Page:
Ms Shields said she wanted to shine a light on the team's often secretive work in part to alert those engaged in such crimes of her team's capacity.

In a stark warning to paedophiles, the senior officer said: "The message is very clear - we are watching you online. You leave a digital footprint when you are downloading, viewing, making indecent images of children and we have the capacity, capability and determination to catch you and bring you to justice."

She said the PSNI would never reveal the CIPT's methodologies, as it did not want to give offenders any advantage but she gave assurances the unit was using cutting-edge technologies.

"We link with our National Crime Agency colleagues and we work with other police services across the world to make sure we have got the most up-to-date technology," she said.

"It's a big investment but it's a very important area of business and we will make sure we keep moving with the times."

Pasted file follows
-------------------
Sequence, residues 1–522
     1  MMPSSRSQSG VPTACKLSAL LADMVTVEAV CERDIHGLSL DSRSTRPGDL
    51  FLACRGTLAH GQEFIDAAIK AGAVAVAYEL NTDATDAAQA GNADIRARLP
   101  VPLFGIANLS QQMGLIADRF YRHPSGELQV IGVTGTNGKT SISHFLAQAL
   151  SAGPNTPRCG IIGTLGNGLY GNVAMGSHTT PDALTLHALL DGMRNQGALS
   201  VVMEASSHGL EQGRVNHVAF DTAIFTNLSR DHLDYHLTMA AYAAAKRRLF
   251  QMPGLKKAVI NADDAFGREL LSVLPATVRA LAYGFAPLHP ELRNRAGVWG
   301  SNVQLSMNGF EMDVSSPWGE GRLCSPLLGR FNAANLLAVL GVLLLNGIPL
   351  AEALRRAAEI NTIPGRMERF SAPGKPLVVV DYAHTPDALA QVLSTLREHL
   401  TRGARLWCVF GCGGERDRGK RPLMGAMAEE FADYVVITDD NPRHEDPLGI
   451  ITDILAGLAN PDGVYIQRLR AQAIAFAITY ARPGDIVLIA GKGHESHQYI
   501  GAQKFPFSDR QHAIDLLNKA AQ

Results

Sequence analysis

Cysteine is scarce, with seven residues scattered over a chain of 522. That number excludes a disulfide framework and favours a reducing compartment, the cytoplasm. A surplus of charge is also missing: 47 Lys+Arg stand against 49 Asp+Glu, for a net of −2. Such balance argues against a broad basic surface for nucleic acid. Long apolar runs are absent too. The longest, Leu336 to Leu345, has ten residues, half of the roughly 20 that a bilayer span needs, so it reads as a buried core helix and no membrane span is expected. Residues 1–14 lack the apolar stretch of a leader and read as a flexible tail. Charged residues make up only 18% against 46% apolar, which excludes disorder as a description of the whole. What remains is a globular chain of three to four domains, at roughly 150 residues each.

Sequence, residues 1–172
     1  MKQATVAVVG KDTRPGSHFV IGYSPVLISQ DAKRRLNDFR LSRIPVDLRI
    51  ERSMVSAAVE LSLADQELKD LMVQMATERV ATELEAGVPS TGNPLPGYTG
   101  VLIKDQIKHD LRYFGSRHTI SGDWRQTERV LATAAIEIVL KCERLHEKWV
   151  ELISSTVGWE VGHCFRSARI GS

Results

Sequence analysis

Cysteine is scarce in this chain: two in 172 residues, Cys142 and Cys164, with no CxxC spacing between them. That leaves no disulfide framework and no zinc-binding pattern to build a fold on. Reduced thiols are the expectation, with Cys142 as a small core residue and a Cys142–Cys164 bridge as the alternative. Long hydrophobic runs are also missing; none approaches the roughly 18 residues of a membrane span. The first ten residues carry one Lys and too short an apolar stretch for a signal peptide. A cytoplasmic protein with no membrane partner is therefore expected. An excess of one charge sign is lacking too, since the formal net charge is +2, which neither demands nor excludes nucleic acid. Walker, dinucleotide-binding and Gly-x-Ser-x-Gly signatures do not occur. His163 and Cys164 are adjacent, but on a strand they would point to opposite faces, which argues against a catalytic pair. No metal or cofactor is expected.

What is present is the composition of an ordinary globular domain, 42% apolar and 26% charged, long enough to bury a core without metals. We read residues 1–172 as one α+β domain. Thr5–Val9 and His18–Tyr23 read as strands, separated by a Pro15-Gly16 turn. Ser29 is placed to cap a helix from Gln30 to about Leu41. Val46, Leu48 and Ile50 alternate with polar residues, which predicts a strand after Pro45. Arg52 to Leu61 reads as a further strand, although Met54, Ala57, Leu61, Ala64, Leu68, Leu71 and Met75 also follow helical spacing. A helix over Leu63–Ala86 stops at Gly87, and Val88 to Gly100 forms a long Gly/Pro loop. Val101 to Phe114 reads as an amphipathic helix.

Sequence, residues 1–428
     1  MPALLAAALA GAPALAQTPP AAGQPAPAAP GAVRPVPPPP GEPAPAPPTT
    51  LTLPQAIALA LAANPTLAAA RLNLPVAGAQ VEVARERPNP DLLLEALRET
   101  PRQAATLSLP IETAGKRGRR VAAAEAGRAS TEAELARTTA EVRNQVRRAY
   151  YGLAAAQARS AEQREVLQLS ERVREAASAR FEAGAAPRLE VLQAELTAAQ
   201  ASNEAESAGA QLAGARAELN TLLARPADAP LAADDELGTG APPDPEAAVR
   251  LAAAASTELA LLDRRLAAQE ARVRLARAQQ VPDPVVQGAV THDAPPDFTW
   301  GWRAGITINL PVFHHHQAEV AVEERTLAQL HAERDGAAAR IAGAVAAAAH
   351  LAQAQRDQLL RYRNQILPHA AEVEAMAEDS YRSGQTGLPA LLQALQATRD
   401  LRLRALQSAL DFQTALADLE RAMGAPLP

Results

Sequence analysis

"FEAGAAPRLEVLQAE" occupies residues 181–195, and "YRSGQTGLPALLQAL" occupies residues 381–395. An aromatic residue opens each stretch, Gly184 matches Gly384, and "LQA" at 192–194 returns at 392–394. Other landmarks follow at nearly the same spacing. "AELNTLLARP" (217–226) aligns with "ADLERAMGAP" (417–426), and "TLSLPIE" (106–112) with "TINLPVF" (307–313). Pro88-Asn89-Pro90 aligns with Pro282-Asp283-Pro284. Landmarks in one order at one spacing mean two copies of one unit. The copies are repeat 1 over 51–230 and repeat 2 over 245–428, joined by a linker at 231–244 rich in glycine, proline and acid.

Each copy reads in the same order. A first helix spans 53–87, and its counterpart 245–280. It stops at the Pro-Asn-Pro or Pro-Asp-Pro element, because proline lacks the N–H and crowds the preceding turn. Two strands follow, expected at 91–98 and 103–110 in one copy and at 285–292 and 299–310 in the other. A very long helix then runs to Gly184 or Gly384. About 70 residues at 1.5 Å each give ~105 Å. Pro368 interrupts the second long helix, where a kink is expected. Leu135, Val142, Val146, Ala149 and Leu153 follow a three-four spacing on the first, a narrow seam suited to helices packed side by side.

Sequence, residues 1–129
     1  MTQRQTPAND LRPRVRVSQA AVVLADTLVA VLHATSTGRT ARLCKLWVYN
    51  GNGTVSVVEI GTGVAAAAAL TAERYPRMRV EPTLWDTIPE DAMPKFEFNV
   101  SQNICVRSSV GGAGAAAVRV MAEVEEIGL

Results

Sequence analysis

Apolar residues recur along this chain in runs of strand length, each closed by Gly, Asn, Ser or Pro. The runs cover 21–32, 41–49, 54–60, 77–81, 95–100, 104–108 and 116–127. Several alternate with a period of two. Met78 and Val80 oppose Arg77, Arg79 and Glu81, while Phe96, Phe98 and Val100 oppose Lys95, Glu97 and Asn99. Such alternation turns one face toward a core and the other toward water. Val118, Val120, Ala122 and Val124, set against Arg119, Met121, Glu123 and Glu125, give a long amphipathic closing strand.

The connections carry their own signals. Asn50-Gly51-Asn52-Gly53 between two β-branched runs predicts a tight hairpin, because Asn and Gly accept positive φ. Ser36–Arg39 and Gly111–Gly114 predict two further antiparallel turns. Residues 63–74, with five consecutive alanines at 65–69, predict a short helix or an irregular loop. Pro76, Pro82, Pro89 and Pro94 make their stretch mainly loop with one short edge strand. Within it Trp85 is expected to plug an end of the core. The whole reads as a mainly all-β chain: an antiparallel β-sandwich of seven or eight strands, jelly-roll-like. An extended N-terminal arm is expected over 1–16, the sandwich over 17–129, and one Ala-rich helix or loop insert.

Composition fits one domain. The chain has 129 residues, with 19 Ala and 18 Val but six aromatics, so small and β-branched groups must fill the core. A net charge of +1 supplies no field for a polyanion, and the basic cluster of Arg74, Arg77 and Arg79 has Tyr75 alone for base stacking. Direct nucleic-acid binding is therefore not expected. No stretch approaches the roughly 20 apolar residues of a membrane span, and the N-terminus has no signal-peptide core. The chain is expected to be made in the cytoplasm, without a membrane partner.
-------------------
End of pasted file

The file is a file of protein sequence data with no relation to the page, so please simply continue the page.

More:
The unit engages in proactive and reactive policing, with operations often triggered by intelligence coming from outside the organisation.

That can range from information discovered by the UK's Child Exploitation and Online Protection centre to a tip-off from a concerned member of the public who has found something on their partner's computer.

Ms Shields referred to one recent case in Northern Ireland where a father found information on his child's phone that indicated she was being groomed by a man who was intending to pick her up from a Girls' Brigade gathering with the purpose of having sex with her.

Officers swooped before a crime had been committed.

Ms Shields said the case illustrated the importance of parents being aware of the dangers online.

"So know what your children are doing online, know who they are talking to, who is talking to them online," she said.

"And make sure they are aware that if they are involved with anything or are uncomfortable about anybody online asking them to do things that doesn't feel right or they are uncomfortable with please pick up the phone and contact the police and we will put various interventions in place and make sure we track down anybody who is trying to abuse any of your children online."